This is essentially equivalent to combining the CIP condition with the assumption that exchange rates are driven, at the margin, by risk neutral market participants who stand ready to take uncovered spot or forward positions whenever the forward rate deviates from the expected future spot rate.

By manipulating condition (1), it is easily seen that CIP implies

(3)JLJ:sts1+r ''1+rd,t1.f

Hence, as a first approximation (for values of 1+rdt in the vicinity of 1):

(4)rf,t-rd,t«(ftst)/st

In addition, when Jensen’s inequality (i.e., the difference between Et(l/st + 1) and 1/Et(st + 1)) is ignored, the assumption of UIP can be approximated as

(5)rf,trd,t*Et[(st+1St)/St](EtSt+1St)/St.

The assumption of UIP adds an element of dynamics to the CIP condition by hypothesizing a relationship between the observed values of variables at time t and the value of the spot exchange rate that market participants expect at time t to prevail at time t+1. As such, UIP has been embedded in many multiperiod and continuous time models of open economies. The CIP and UIP conditions can be written for any duration of the time period between t and t+1. Thus, if the UIP assumption was valid at all horizons, the observed values of the spot exchange rate and the term structures of domestic and foreign interest rates could be used to infer the expected future time path of the spot exchange rate (Porter, 1971).

III. Empirical Validity

The theory leading to the CIP condition--and hence also to the UIP assumption–abstracts entirely from any credit risks, capital controls, or explicit taxes on the domestic and foreign currency investments. Keynes (1923: pp. 126-7) was well aware that investor choices between foreign and domestic assets do not depend on interest rates and exchange rates alone:

…the various uncertainties of financial and political risk…introduce a further element which sometimes quite transcends the factor of relative interest. The possibility of financial trouble or political disturbance, and the quite appreciable probability of a moratorium in the event of any difficulties arising, or of the sudden introduction of exchange regulations which would interfere with the movement of balances out of the country, and even sometimes the contingency of a drastic demonetisation,--all these factors deter…[market participants], even when the exchange risk proper is eliminated, from maintaining large…balances at certain foreign centres.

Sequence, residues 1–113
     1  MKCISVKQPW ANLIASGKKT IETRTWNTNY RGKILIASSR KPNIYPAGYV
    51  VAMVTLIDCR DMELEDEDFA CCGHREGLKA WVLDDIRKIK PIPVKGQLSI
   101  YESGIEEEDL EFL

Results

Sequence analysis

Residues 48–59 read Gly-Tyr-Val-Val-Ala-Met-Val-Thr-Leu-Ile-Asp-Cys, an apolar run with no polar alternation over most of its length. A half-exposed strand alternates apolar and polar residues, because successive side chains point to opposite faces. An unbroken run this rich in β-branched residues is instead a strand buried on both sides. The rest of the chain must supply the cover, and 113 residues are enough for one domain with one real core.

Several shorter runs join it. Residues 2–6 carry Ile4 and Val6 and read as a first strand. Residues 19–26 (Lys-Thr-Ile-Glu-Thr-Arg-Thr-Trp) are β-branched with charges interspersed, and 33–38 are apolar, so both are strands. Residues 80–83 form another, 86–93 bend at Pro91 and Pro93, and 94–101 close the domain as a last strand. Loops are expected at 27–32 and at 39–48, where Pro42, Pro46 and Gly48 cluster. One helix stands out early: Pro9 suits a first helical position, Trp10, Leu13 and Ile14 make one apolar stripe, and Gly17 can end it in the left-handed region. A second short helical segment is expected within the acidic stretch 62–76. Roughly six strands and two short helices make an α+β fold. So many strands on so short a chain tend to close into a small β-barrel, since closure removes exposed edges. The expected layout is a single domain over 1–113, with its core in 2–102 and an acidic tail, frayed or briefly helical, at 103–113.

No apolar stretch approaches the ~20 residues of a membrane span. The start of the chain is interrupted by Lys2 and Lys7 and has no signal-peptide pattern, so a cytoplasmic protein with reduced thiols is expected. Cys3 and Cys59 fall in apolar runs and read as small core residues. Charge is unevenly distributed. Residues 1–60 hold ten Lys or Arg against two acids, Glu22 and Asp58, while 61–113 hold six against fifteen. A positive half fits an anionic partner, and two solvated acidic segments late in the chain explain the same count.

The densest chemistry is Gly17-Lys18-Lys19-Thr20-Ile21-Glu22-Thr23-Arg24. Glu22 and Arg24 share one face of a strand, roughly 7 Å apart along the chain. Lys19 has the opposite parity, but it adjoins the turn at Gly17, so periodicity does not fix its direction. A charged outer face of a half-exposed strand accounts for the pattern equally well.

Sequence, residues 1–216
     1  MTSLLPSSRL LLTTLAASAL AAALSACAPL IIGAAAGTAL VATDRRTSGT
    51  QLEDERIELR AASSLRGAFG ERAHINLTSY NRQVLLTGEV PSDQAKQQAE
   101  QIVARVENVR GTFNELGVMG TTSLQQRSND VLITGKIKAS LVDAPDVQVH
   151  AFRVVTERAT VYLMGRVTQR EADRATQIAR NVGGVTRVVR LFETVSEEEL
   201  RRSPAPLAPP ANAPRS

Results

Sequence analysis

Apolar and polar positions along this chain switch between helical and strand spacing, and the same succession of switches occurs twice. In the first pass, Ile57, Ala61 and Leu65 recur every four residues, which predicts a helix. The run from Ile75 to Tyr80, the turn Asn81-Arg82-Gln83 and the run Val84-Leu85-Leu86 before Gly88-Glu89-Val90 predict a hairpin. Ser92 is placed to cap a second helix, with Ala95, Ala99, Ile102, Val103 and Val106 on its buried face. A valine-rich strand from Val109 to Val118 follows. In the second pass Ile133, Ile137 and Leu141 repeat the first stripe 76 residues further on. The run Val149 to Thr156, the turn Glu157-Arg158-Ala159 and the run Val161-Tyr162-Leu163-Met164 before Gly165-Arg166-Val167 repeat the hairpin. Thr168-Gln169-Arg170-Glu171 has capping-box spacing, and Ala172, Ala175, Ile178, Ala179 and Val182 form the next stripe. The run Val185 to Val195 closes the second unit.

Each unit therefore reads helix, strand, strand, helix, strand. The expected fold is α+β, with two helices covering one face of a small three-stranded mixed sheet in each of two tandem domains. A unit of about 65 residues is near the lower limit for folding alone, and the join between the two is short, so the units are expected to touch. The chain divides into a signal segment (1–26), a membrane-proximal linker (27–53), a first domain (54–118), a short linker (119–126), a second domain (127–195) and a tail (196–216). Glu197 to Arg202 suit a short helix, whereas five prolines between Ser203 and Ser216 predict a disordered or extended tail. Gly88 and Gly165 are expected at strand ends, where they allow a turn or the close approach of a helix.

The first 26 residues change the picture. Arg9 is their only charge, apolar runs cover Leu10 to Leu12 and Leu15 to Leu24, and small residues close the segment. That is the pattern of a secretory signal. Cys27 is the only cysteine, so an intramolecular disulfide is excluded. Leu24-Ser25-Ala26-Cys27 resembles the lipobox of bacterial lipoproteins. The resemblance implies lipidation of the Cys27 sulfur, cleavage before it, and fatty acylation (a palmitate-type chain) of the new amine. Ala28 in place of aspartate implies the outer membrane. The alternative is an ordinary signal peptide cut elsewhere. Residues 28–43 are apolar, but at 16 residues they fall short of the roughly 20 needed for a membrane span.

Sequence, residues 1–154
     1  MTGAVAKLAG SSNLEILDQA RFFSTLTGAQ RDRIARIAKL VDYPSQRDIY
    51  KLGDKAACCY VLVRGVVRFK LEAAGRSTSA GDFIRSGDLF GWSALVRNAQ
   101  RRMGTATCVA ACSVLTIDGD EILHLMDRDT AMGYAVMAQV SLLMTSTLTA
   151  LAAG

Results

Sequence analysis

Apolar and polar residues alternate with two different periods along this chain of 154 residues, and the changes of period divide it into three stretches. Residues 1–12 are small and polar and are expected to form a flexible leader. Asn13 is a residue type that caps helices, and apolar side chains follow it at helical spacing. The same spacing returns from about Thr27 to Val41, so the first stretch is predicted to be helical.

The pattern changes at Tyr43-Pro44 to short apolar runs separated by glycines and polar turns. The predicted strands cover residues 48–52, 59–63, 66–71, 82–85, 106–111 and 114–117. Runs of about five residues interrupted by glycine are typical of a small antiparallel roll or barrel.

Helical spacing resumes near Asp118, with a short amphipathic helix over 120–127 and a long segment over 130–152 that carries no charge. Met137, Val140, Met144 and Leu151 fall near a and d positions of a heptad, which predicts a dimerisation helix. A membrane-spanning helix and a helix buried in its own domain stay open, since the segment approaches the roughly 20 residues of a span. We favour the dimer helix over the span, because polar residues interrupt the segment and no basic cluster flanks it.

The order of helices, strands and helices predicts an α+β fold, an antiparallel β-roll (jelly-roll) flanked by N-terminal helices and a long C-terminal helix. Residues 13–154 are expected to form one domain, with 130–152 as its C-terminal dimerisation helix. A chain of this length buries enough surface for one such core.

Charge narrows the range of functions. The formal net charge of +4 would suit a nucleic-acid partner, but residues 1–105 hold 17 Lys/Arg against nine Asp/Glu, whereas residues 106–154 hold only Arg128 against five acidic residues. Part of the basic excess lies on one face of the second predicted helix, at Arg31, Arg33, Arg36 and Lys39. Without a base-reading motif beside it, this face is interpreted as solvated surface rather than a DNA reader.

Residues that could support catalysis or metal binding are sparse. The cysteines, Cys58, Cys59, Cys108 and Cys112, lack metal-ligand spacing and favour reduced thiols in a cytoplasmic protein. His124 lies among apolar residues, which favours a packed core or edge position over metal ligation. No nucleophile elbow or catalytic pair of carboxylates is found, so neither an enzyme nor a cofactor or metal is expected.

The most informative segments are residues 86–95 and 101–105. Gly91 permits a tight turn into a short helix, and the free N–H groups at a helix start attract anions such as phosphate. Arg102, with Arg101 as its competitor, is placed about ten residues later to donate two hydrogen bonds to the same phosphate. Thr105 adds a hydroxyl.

In those circumstances where it is clearly valid to abstract from such considerations, the CIP condition has been unambiguously confirmed. Indeed, interviews at large banks have established that the CIP condition is used as a formula for determining the exchange rates and interest rates at which trading is actually conducted. Foreign exchange traders use Eurocurrency interest rate differentials to determine the forward exchange rates (in relation to spot rates) that they quote to customers, while traders in Eurocurrency deposits use the spreads between forward and spot exchange rates to set the spreads between the interest rates that their banks offer on domestic and foreign currency deposits (Herring and Marston, 1976; Levich, 1985). Consistently, empirical research has confirmed that deviations from CIP can be related systematically to the effective taxes imposed by capital controls and to non-currency-specific risk premiums associated with prospective controls (Dooley and Isard, 1980).

The UIP assumption has played a much more central role than the CIP condition by itself in the development of multiperiod and continuous time models of open economies. Accordingly, considerable effort has been made to test the empirical validity of UIP. Some of the stimulus for such testing has been policy related. In particular, the validity of UIP has been a central issue in the policy debate over the effectiveness of official intervention in exchange markets (Henderson and Sampson, 1983). To the extent that UIP was valid, official intervention could not succeed in changing the spot exchange rate relative to the expected future spot rate unless the authorities chose to allow interest rates to change. In this sense, exchange market intervention could not be viewed as providing the authorities with an effective policy instrument in addition to interest rates. Thus, the case for intervention has been considered by some to depend on whether the empirical evidence rejects UIP.

In the absence of recorded data on expected future exchange rates, UIP can be tested empirically only as part of a joint hypothesis. A common approach has been to test UIP jointly with the assumption that exchange rate expectations are unbiased. Together the two assumptions imply that forward exchange rates should be unbiased predictors of future spot exchange rates.